Understanding the process of membrane insertion is an essential step in developing a detailed mechanism, for example, for peripheral membrane protein association and membrane fusion. The highly mobile membrane mimetic (HMMM) has been used to accelerate the membrane association and binding of peripheral membrane proteins in simulations by increasing the lateral diffusion of phospholipid headgroups while retaining an atomistic description of the interface. Through a comparative study, we assess the difference in insertion rate of a free phospholipid into an HMMM as well as into a conventional phospholipid bilayer and develop a detailed mechanistic model of free phospholipid insertion into biological membranes. The mechanistic insertion model shows that successful irreversible association of the free phospholipid to the membrane interface, which results in its insertion, is the rate-limiting step. Association is followed by independent, sequential insertion of the acyl tails of the free phospholipid into the membrane, with splayed acyl tail intermediates. Use of the HMMM is found to replicate the same intermediate insertion states as in the full phospholipid bilayer; however, it accelerates overall insertion by approximately a factor of 3, with the probability of successful association of phospholipid to the membrane being significantly enhanced.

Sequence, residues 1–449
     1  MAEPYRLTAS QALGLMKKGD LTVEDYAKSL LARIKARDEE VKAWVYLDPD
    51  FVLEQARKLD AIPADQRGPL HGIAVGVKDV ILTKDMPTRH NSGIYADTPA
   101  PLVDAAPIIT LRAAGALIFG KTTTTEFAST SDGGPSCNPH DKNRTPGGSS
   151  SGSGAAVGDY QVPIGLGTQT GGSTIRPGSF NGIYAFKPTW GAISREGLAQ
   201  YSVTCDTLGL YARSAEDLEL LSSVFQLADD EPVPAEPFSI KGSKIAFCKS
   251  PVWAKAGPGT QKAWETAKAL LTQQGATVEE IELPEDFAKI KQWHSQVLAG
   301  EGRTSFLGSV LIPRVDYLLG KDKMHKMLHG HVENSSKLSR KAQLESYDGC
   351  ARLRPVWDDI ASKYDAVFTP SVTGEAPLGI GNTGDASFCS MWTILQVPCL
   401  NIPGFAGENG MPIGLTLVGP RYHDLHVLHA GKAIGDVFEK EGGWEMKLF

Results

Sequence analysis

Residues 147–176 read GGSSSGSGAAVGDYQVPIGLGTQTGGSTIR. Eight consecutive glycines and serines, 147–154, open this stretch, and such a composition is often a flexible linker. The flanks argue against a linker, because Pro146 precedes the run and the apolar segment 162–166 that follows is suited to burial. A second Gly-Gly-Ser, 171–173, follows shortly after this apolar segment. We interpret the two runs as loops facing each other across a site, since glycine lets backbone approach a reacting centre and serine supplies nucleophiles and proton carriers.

ASJC Scopus subject areas
- Physical and Theoretical Chemistry
- Surfaces, Coatings and Films
- Materials Chemistry